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  1. #1
    New Member viktor's Avatar
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    Trouble With Asymmetric Hammock Lay

    Hello HF,

    I recently made my first DIY gathered-end hammock, and am very excited. However I'm having some trouble with the lay of the hammock seeming quite asymmetric, which based on my (beginner) opinion is related to the whipping.

    Some background: It was constructed using 1.0oz/yd2 calendared ripstop, with dimensions of 53" x 116". There's currently an adjustable ridgeline on there (thanks Dutch!). I will soon be adding a stretch footbox mod, and ridgeline organizer. I used the Warbonnet whipping style for this project, because it seemed simple, and I had an example handy in my Blackbird.

    The Problem: The hammock seemed comfortable at first, when I was laying with my head on the left and feet on the right side (what I'm accustomed to from my BB). But when I tried to switch diagonals, the hammock was not nearly as comfortable. It felt like the fabric was not evenly distributed on either side, and the left-lay had much more slack available in the fabric than the right-lay. In When laying on the right, the fabric on my left side seemed to pull very tight and rise very high compared to the seemingly-normal left-lay.
    Thinking that it might be a mental trick because I'm not used to one side, I adjusted the loose fabric to experiment, and switched my head end to compare. It definitely seemed as if the fabric on one side pulled out further than an equivalent point on the opposite side. In my opinion, this could only be caused by the whipping not being done evenly, but it didn't seem like there was much to screw up when I did that Warbonnet style.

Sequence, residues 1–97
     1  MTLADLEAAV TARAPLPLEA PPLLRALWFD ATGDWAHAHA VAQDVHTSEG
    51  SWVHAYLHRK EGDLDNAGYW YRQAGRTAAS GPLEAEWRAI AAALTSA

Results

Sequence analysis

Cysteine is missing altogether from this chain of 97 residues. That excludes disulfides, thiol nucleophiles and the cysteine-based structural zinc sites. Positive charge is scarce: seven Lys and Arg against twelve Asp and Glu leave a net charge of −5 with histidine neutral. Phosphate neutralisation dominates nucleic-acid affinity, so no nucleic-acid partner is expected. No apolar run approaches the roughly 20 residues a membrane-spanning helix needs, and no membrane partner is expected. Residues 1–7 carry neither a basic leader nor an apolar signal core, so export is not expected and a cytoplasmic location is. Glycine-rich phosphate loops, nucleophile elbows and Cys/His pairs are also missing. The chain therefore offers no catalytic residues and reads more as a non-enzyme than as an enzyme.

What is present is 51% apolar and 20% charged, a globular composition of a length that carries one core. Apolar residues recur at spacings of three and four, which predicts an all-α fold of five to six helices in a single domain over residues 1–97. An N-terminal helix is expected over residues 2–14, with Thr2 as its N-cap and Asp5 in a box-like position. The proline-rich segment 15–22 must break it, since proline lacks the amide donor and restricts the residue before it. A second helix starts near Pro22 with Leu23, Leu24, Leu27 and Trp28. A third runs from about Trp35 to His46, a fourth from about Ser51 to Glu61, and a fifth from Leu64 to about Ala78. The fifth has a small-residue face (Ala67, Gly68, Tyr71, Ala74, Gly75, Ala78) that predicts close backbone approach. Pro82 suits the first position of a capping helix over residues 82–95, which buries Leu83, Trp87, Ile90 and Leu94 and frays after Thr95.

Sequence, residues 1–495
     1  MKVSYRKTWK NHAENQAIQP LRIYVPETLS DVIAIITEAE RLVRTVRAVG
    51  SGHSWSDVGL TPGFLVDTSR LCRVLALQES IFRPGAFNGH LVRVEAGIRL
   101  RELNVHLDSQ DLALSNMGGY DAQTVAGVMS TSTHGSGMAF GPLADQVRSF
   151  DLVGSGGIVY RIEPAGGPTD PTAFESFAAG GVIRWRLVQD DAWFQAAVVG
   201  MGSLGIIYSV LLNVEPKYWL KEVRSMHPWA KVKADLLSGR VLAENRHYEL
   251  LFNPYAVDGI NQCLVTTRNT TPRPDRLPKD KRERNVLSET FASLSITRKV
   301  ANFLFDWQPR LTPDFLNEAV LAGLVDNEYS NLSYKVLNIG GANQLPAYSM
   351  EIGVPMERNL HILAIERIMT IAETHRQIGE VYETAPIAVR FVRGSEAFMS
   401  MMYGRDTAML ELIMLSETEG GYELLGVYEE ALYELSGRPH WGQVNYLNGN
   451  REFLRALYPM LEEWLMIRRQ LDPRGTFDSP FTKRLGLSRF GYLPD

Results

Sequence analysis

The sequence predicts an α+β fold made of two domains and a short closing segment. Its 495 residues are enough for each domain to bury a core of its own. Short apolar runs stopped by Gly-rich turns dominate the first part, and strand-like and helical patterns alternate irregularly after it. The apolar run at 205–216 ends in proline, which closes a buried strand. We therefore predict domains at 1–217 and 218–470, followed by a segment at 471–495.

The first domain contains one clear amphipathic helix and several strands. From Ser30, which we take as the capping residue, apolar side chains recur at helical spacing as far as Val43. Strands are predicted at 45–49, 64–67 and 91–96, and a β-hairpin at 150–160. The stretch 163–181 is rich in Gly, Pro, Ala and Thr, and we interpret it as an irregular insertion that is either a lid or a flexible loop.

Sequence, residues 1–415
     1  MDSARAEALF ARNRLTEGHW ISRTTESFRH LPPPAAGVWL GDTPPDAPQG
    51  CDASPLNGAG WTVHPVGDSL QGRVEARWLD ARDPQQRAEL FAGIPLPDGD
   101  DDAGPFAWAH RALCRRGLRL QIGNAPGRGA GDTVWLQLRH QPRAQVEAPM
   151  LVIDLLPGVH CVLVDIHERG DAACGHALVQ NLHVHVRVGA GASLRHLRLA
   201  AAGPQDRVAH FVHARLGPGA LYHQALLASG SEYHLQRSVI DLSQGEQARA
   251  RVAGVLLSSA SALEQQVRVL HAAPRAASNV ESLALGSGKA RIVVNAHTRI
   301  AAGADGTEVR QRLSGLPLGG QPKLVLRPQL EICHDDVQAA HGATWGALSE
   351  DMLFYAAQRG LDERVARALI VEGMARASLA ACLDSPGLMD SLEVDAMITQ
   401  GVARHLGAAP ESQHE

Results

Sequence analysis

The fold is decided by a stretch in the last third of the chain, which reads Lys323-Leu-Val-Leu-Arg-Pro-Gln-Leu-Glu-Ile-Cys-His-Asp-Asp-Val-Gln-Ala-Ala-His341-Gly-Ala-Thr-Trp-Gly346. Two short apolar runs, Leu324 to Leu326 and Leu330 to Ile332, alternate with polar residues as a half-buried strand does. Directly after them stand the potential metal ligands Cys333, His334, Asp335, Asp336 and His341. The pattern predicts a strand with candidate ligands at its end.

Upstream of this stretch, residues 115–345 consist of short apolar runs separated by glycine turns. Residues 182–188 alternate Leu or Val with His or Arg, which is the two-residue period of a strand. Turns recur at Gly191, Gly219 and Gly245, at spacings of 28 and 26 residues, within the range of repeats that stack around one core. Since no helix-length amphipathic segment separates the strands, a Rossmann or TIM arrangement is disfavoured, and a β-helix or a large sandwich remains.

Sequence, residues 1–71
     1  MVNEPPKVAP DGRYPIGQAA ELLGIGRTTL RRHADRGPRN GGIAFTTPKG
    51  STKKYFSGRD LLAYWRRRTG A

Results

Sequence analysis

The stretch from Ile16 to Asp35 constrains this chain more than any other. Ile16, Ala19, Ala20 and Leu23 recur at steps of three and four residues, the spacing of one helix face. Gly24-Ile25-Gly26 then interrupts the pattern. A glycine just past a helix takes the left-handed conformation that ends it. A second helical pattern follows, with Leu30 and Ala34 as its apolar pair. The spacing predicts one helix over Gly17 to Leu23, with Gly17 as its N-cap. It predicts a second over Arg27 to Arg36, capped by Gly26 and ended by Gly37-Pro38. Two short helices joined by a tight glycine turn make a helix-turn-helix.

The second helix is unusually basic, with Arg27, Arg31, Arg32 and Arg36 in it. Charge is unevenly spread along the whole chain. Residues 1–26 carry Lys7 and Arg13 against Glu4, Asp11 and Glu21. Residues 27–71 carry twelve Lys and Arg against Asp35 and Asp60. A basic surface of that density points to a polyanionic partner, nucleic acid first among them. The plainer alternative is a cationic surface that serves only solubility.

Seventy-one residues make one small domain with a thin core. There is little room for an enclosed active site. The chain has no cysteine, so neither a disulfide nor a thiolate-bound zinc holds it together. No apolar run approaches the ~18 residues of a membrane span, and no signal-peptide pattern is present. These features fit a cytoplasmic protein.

Happy to share photos, but won't be able to take and post until tomorrow.
    I also now remember, that lengthening the ridgeline slightly (I had not been exact with an 83% measurement initially) seemed to help somewhat.

    Any advice for me, friends?

  2. #2
    Snowball's Avatar
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    First of all forget all about the 83% ridgeline. It is a “guide line” but you have to adjust till you feel comfortable.
    You can try to turn the hammock inside out and lay the same way. If there is a difference it is likely your hammock isn’t symmetrical.